Reply
  8. For me, only two things were better in the so-called good old days: album covers and school cafeteria lunches.

    School lunches – at least in this town – are horrendous.

    Reply
    • I have t disagree (not about the school lunches in your town, but generally). Back in ye olden days, school lunches were godawful… maybe 1 time in a month it would be something I actually wanted to eat at the time. And it didn’t get much better in the university dining halls, either… even with 4 or 5 choices at every meal. In contrast, my daughter’s high school offered specific themed food options and her university dining hall was set up like a fast-food mall… you could go to the burger bar, the pizza place, or the taco spot. (Or, for people who found those choices limiting, they had a salad bar with fresh salads and vegetarian options.) These kids today… they just don’t know what it was like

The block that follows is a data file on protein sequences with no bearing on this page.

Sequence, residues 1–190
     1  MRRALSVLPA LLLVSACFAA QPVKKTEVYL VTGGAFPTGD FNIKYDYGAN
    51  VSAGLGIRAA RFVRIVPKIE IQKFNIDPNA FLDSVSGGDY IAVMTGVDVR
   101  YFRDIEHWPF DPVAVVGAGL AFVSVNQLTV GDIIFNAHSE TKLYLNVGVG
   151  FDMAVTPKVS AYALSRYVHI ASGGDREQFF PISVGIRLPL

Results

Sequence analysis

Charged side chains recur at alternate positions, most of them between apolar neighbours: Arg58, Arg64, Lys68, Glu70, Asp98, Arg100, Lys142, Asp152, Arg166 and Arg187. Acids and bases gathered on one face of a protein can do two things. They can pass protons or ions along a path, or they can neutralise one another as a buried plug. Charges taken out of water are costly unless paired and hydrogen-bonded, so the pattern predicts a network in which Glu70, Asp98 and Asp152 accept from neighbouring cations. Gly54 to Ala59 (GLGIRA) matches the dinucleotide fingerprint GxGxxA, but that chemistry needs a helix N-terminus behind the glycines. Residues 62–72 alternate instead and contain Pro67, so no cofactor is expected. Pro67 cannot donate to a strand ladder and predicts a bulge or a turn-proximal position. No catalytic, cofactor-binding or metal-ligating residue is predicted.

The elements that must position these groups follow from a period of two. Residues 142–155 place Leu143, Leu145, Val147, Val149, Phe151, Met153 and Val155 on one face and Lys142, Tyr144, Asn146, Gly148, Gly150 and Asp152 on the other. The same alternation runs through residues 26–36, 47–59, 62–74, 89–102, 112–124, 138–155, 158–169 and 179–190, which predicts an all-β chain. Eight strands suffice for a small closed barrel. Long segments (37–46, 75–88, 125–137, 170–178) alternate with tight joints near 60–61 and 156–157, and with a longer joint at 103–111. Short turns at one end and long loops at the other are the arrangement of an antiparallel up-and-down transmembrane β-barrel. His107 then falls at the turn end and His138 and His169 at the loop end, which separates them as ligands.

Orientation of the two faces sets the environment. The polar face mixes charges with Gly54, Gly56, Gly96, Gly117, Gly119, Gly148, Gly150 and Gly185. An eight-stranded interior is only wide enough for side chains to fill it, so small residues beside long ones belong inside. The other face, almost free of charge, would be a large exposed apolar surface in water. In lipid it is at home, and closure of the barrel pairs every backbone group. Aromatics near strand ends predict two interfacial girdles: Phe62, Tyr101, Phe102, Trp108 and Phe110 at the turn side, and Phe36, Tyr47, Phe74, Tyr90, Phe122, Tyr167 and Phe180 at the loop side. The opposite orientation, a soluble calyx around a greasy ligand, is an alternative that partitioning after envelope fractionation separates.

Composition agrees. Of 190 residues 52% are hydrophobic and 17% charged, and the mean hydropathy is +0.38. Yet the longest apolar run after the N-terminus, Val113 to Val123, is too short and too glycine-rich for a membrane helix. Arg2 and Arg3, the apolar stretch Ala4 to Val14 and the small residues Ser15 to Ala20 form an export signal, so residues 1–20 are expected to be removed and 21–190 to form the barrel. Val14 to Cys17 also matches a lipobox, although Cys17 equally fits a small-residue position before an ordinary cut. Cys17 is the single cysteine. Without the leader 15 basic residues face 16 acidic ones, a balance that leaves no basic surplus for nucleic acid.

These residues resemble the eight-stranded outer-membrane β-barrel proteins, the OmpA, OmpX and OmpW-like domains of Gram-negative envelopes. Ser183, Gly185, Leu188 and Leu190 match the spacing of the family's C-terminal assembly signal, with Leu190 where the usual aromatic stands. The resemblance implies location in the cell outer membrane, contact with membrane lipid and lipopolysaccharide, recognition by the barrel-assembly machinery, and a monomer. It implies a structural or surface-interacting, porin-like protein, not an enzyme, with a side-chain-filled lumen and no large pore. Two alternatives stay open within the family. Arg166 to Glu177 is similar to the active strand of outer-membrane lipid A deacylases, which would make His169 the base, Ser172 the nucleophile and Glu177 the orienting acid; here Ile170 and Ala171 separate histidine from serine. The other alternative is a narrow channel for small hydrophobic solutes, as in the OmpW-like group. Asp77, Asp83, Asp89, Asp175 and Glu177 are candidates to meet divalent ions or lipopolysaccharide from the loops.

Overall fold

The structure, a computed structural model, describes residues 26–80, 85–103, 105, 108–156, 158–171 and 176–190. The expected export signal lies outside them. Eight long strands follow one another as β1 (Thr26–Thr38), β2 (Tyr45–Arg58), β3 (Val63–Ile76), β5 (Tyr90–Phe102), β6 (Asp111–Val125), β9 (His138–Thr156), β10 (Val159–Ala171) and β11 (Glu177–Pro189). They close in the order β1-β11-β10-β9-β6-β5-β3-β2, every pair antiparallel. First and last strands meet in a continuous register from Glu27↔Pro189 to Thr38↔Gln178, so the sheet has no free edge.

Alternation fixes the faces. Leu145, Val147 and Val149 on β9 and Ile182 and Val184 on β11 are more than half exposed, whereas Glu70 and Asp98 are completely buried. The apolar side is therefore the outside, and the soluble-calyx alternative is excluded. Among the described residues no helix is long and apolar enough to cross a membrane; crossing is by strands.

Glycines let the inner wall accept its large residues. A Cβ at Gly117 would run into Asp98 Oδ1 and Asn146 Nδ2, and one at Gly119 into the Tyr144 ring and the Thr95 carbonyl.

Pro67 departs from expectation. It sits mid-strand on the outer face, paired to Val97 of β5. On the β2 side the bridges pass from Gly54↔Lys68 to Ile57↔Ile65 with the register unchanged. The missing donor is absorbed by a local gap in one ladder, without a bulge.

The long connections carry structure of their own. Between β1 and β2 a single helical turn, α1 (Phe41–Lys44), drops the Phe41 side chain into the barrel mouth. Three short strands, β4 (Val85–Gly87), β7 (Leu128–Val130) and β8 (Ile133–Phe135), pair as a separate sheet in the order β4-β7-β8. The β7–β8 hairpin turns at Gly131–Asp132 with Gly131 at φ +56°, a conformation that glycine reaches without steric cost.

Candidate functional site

Reply
      • I was fortunate to have had cafeteria food at least as tasty and nutritious as my mother made. Of course she hated cooking and was the first to denounce her efforts. But we never suffered malnutrition or food poisoning, so she did something right.

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      • James:

        I spoke only in reference to the high school here in Shermantown. Lasagna, meatloaf, baked fish, pork chops, and on and on – all made from scratch. Heck, we even had a full-time baker and pie maker. It was great.

        The dining halls in the first university that I attended were even better.

        I ate as does the proverbial pig. Thanks to a high metabulism, I didn’t gain an ounce.

        Reply
        • It wasn’t awful, from beginning to end; there were popular highlights. I went to school before Reagan, so they were still trying to get kids to eat more vegetables instead of looking at the ways that did work, such as noting that pizza sauce is made from tomatoes, which are botanically fruit but count as vegetables (strictly speaking, ALL fruits are vegetables.) So we’d get pigs-in-blankets, which are edible, and a glop of seaweed-looking canned spinach on the same tray, and nobody along the line seemed to figure out that we weren’t getting any nutritional value out of all the seaweed in the trash can. We WOULD eat corn in the form of cornbread, or as the little segment of corn-on-the-cob, and mostly would not eat it as loose kernals, so they put loose-kernal corn on the menu more than any other option.